Home and building owners are more concerned than ever before with energy savings (especially now that a barrel of oil is almost at $60). One of the easiest ways to save money is with a programmable thermostat. With a programmable thermostat, different temperatures throughout the day can be automatically maintained. So during the day, the furnace or air conditioner does not have to run as much if no one is home. The only issue with programmable models is that they actually have to be programmed and not set to permanent “hold”. Non-programmable thermostats are simpler to set up and use, a benefit many individuals like. Basically set the temperature and be done. If the customer opts for a programmable model, some additional decisions must be made. Are different times and temperatures required EACH day (known as 7 day), or can Monday through Friday have the same schedule? If Monday through Friday can be one schedule, what about the weekend? Is a different schedule required for Saturday and Sunday (known as 5&1&1), or can Saturday and Sunday be the same (known as 5&2)? A less common programmable thermostat is a 24-hour thermostat, mostly used in California. With a 24-hour thermostat there is only ONE program, meaning that each day will be the same.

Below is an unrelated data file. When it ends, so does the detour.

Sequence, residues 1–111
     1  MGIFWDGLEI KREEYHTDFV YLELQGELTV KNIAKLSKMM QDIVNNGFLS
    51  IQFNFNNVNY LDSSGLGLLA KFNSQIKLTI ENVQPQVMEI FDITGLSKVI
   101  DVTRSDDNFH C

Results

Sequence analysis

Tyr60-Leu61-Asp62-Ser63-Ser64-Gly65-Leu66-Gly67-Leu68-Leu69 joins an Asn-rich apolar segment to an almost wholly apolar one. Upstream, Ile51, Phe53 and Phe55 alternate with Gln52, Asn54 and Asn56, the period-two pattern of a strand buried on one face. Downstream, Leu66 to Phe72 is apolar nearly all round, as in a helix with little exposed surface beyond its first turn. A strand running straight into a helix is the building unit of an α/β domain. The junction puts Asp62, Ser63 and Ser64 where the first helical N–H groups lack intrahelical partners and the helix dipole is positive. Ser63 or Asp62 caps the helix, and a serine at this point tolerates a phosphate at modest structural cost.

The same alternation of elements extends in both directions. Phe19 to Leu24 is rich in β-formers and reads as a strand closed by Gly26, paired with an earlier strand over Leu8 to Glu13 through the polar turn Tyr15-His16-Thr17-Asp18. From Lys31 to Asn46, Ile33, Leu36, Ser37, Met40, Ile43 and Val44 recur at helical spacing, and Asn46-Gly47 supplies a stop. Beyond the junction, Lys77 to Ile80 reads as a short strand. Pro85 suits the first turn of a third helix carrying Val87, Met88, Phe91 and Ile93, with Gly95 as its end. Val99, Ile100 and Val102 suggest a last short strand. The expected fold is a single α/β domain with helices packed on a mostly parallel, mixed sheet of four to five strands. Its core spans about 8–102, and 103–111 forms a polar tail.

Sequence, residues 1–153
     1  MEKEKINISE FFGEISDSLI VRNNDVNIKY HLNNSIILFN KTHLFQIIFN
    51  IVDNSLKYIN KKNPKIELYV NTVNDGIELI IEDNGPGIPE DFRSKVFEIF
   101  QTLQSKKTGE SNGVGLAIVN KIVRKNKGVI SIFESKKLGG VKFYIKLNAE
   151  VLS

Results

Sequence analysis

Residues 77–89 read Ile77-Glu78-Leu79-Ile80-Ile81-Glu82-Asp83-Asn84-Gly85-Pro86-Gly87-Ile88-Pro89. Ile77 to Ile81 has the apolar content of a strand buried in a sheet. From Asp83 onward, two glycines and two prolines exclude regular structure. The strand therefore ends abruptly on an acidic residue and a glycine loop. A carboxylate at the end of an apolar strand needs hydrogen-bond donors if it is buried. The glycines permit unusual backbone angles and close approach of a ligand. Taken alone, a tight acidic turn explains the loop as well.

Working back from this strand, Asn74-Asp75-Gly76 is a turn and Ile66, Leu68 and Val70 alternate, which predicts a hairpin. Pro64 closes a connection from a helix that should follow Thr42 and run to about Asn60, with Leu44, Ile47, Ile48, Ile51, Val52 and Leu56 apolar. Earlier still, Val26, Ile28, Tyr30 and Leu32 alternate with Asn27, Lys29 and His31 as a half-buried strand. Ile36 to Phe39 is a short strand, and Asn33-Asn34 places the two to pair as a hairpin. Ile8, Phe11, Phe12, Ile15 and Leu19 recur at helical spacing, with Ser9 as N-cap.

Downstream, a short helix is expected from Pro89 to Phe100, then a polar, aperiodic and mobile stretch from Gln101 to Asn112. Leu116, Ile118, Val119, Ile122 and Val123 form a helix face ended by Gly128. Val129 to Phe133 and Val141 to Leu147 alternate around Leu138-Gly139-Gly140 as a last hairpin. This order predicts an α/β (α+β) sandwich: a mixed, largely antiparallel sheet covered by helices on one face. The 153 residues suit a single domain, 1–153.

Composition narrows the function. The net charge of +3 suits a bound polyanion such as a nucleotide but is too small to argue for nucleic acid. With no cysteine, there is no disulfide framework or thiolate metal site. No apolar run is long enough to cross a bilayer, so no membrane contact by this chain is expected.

Reliable Controls Power
This is probably the most misunderstood aspect of thermostats, especially for new technicians. The simplest type of thermostat is a mechanical thermostat. There are no electronics involved and are mainly non-programmable. The most popular thermostat in the world, the Honeywell T87F (also known as the Honeywell “Round’’) is a mechanical thermostat. There are two main types of mechanical thermostats, mercury and magnetic reed. This refers to the type of contact closure they use. In other words, the method it uses to turn the HVAC equipment on and off. Because mercury is bad for the environment, most manufacturers are moving away from this type (of course the mercury is only harmful if it is released from the sealed glass it is contained in). Many wholesalers now recycle mercury thermostats free of charge. For more information on recycling, please visit the Thermostat Recycling Corporation website at www.nema.org/gov/ehs/trc